Read more about Sarah and her mistress in ENCHANTING THE BEAST, which earned a Top Pick rating from Romantic Times BOOKreviews, Night Owl Reviews, and Romance Reader at Heart!

Sunday, June 22, 2014

Learning From Movies

Friday night, I watched Jersey Boys. What a great movie! Clint Eastwood picked another winner. I remembered the songs from my childhood and was surprised I knew the lyrics. Of course the story wouldn't have been made into a movie if the group didn't have hurdles to overcome and drama behind the scenes. I'm not sure if Jersey Boys will appeal to a younger crowd, but I hope so.

Although the songs are still playing in my mind, I did find lessons in the story that also apply to writers.
First, Frankie Valli kept working on improving his ability. No matter what you want to accomplish in life, you need to keep working toward your goal.

Second, he stayed true to his voice. No one sang like him. That can be good or bad, depending on what your audience wants. He could have tried to alter his singing style, but he had faith in his talent. Writers need to learn this lesson. Don't try to emulate Nora Roberts or Stephen King. Find your voice and let it work for you.

Finally, Frankie found a songwriter who could produce hits. Once you find your voice, write the story that will appeal to an audience. Analyze the stories and movies you like. What is it about them that appeals to you? I'm not saying to follow the trends. Do you enjoy a mystery element in a story? Or perhaps taking a fairy tale and twisting it? What about crazy relatives? Use what appeals to you to bring out the story that you want to share with the world. Odds are if you love your story, someone else will, too.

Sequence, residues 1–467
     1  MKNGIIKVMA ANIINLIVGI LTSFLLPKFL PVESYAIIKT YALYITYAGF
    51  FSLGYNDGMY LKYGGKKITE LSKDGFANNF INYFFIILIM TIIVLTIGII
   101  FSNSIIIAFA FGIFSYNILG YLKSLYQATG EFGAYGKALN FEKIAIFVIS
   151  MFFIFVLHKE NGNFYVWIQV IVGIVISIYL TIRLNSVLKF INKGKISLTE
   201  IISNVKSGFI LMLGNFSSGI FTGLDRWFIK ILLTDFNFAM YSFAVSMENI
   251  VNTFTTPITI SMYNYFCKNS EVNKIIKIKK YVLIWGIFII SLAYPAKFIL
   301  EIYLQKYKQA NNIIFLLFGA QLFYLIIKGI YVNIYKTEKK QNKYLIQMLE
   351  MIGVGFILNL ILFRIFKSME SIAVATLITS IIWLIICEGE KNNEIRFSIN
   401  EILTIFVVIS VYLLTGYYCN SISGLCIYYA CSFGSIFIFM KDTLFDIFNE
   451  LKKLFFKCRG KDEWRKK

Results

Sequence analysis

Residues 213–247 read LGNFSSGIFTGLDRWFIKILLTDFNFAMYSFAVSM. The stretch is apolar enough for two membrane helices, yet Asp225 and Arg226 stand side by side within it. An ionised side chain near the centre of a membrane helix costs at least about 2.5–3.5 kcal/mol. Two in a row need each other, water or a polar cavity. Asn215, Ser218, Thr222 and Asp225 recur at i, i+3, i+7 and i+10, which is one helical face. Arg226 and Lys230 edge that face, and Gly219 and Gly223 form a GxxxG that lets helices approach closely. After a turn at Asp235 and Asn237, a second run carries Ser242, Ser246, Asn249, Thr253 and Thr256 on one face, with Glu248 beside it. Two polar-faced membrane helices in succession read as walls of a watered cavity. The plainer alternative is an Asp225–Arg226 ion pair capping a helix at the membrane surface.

Until next week,
happy reading and writing.
Tina Swayzee McCright

Wednesday, June 18, 2014

Author Platforms - Part 2

Author platforms.... In my last post I mentioned what they were, but how exactly do you build one? Below are a number of ways to start building your author platform. This are some but not all. Feel
free to be inventive!
  • A website and/or blog with a large readership. 
    • Use Google analytics or a stat service to see what posts or topics generate the most hits.
    • Have a goal of increasing traffic in a six month period and see if you have favorable results by looking at your analytics.
  • An e-newsletter and/or mailing list with a large number of subscribers/recipients. 
    • Mailchimp, Constant Contact. 
    •  Put signup form above the fold. 
    • Use contests, book signings and blog hops to get signups.
  • A large social media presence - Facebook, Twitter, Google+, YouTube, Pinterest and Instagram
    • Dive in and see what works for you. 
    • Focus on one or two. 
    • Don’t panic. Take your time. This is a marathon.
  • Article/column writing for the media with a large audience: 
    • Examples: RWR, Writer’s Digest, preferably ones that have a large audience base. 
  •  Public Speaking 
    • Local chapters 
    • National conferences 
    • The bigger the better
  • Membership in organizations in the area where you want to build your author platform.